She says that while the problem is not that visible in Nairobi, it is a different story outside the city. “You see women there, they are working, everything is fine. Whereas when you go out of Nairobi and you see the girl child, she has to go to school, she has to come home, fetch water, she’s got to cook. Or by 13 you want the girl child married. And it’s still happening, much as we do not want to accept it,” she says.
Janmohamed believes that offering incentives and civic education can remedy the situation.
“Give an incentive to say, ‘We will help your girl grow up.’ Fees is always a problem when you have a choice over who you are going to take. You are going to say it is the boy because he is going to look after me, she is going to get married. And yet that is not always the case,” she says.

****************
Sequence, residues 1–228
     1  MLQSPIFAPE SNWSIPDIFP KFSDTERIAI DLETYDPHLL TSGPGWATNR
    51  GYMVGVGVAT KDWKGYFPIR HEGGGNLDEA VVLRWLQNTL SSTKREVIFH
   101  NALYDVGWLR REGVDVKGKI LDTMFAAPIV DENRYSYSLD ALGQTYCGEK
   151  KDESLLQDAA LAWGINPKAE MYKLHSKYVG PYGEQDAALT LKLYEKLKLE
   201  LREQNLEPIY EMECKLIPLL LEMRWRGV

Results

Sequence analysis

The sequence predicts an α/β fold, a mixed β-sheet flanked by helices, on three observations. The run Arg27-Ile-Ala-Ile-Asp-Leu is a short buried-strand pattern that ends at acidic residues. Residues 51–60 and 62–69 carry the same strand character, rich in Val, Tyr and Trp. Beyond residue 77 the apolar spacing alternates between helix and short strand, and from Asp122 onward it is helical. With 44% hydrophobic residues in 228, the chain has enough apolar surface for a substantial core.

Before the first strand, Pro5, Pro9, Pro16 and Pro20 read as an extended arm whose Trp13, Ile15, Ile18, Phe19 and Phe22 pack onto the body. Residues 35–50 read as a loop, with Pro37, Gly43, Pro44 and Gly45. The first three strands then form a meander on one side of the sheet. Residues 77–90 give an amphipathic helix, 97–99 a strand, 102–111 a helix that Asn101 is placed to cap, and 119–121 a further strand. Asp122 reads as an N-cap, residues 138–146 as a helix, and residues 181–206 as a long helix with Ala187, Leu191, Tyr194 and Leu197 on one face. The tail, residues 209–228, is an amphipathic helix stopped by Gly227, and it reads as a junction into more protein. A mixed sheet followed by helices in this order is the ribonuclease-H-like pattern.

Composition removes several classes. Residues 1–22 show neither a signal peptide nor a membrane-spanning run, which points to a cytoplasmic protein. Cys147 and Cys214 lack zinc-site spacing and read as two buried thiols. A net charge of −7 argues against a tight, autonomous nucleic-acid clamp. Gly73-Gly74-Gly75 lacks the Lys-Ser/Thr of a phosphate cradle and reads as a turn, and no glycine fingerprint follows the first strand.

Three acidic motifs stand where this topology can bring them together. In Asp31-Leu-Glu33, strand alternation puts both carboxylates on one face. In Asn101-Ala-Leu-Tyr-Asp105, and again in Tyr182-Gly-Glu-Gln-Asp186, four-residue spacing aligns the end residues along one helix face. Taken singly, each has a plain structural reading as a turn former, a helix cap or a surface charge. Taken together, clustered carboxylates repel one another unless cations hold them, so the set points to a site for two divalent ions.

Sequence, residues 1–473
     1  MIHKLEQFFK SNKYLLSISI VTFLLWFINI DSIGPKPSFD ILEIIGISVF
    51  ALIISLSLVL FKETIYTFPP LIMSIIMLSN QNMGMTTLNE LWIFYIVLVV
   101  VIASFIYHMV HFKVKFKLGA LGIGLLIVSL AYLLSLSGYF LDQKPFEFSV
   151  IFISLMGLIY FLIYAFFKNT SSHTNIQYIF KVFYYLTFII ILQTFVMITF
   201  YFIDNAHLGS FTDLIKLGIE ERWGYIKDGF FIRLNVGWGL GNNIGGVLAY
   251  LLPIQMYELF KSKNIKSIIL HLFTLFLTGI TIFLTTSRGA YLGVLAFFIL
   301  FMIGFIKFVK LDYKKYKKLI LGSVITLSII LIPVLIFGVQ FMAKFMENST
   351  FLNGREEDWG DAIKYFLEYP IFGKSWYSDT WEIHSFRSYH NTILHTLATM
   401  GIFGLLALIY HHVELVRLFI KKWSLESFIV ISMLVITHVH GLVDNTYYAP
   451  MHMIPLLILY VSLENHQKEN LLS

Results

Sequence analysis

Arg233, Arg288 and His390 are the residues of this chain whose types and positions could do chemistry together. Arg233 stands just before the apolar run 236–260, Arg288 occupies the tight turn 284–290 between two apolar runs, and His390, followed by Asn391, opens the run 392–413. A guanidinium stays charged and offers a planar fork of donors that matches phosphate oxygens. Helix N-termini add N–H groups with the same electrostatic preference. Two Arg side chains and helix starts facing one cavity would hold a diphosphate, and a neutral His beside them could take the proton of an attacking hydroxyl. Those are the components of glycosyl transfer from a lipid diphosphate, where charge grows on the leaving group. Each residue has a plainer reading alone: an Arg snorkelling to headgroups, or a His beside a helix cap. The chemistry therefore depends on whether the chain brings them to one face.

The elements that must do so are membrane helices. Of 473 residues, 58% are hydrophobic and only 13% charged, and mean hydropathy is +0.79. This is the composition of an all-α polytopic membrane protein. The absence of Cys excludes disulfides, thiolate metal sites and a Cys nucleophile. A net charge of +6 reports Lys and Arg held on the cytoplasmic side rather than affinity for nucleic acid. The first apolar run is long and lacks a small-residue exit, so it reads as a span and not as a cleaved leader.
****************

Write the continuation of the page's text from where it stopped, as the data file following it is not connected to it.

Through education, the girls might avoid the fate that she, too, avoided when she was a young girl, and have a shot at a successful career as she has had.
“What we need to do is that education. Like you know when you have civic education for elections? We need civic education to say that this girl child is not a second-class citizen. There is so much that could be done, but it’s going out there and speaking to them.”